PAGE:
“I learned that if you listen to the people who are playing, you get a lot more out of it,” he said. “So with all the teams that I’ve coached from then on, I listen to the players quite a bit, because they are the ones doing the work. They should have input.”

Green Bay's Kevin Borseth embraces Meghan Pingel in the closing seconds of a Horizon League tournament game in 2022. (James Black/Getty Images)
Green Bay's Kevin Borseth embraces Meghan Pingel in the closing seconds of a Horizon League tournament game in 2022. (James Black/Getty Images) (Icon Sportswire via Getty Images)

Over the years, that idea has morphed into Borseth’s most important, and also most unconventional coaching mantra: “The name on the back of the jersey is more important than the name on the front.”

That’s a direct contradiction to the usual phrase, a coaching cliché that touts the importance of the team over the individual. But Borseth takes the opposite approach.

“It’s all about people,” Borseth said. “I think our job as coaches is to help these young athletes get confidence in themselves. And in order to do that, you have to invest time in the name on the back of the jersey.”

Borseth holds onto that philosophy as the college basketball landscape changes. He knows basketball is a business, and that winning is the ultimate goal, but Borseth still wants it to be fun for his players. Even though, as Routheaux said, “he’s one of the most competitive guys out there.”

Borseth has won at every level, going 747-295 so far in his career. After coaching for five years at Gogebic, Borseth went on to coach at Division II Michigan Tech, where he led the Huskies to a Final Four in 1993. Then, Green Bay called.

Today, Borseth is in his second stint as the head coach of the Phoenix. He headed up the program from 1998-2007 before taking the head coaching job at Michigan.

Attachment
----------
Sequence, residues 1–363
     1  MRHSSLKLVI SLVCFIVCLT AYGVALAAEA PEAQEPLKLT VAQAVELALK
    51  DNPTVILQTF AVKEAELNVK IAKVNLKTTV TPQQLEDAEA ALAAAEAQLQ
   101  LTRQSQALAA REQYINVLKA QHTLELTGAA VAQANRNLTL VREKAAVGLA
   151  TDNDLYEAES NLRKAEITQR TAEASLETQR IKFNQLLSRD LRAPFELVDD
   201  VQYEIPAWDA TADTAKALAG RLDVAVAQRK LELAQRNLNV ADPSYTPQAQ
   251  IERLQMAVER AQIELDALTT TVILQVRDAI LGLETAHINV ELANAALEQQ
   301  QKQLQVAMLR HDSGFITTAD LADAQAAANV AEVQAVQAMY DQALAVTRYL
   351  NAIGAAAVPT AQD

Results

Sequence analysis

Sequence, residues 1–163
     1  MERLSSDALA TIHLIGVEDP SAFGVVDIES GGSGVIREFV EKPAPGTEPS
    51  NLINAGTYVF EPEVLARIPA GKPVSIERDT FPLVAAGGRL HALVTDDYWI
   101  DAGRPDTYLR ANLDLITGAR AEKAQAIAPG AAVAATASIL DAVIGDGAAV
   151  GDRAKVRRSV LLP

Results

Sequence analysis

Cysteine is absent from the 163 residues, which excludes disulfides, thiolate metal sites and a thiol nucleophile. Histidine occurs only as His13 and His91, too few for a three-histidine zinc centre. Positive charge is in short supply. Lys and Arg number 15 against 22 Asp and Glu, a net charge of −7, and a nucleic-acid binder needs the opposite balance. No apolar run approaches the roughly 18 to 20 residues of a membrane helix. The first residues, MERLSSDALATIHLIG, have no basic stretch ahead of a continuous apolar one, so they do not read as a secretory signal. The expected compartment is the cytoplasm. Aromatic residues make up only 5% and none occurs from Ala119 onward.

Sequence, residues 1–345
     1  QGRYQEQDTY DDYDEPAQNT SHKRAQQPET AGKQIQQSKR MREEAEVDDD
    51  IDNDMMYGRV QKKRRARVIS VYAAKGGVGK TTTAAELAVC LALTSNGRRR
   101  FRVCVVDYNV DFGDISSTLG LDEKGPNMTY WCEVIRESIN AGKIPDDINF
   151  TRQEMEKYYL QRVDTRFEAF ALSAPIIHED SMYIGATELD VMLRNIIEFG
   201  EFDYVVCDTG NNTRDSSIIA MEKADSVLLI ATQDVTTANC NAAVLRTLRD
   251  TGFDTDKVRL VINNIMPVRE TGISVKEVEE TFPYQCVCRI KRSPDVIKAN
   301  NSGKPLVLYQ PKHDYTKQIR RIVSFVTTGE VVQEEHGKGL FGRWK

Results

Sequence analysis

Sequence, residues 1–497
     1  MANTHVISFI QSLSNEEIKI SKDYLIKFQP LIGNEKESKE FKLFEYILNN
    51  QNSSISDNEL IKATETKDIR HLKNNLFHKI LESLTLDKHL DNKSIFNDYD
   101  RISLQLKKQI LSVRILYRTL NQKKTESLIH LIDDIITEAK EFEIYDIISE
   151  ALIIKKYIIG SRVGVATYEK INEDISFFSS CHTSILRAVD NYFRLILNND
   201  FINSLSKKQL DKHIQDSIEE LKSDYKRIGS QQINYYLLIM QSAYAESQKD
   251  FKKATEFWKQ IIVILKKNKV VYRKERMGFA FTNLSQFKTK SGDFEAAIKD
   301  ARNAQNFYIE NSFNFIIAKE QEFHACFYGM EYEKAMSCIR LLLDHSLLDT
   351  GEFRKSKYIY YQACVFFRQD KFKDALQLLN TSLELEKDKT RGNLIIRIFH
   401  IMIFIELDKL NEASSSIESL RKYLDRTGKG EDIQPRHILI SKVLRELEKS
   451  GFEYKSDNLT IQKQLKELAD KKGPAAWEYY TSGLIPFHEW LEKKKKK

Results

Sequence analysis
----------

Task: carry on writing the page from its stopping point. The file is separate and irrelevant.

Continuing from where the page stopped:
But there is a big difference between coaching at the mid-major level and in the Big Ten.

“The higher you climb, the less room there is to breathe,” he said.

And after five years, Borseth wanted to breathe again. So he came back to the program that felt like home.

It gave him the opportunity to be close to his five children, who all live in the Green Bay area, and also allowed Borseth to enjoy a few more years with his parents, who were in their 90s when he moved back. Green Bay is 215 miles from Bessemer, as opposed to the 577 miles between Borseth’s hometown and Ann Arbor.

Borseth picked up right where he left off, and the Phoenix went to five NCAA tournaments in a six-year stretch. That success has made Green Bay into a desirable landing spot for local talent. Ten of the 13 players on the roster this season are from Wisconsin.

“The opportunity to be home and to play for a dominant mid-major program, made it a no-brainer to come here,” said Natalie McNeal, who originally went to St. Louis before transferring back to her home state.

She also wanted to play for Borseth.

“He encourages hard work to earn what you get. Nothing is given to you,” McNeal said. “But at the same time, he treats us like his daughters. He treats us like we are family.”

At this point in his career, Borseth’s basketball family is extensive — “I go to a lot of weddings,” he said with a laugh — but he remembers every moment from the 41 years.

He remembers his first team at Gogebic, when he told his players to run a line drill, and his captain surprised him by yelling out, “You aren’t running hard enough!”

He remembers seeing two of his players at Green Bay during his early days studying under a tree during a 90 degree day and wondering why they weren’t off swimming somewhere instead.

He remembers Lyndsey Robson hitting a half-court shot against No. 18 Syracuse to force overtime in 2019, eventually leading to a Green Bay upset.

“There are a lot of really fond memories,” Borseth said.

But he doesn’t have one for this team. Not yet.

“I’m hoping that moment is still coming,” he said.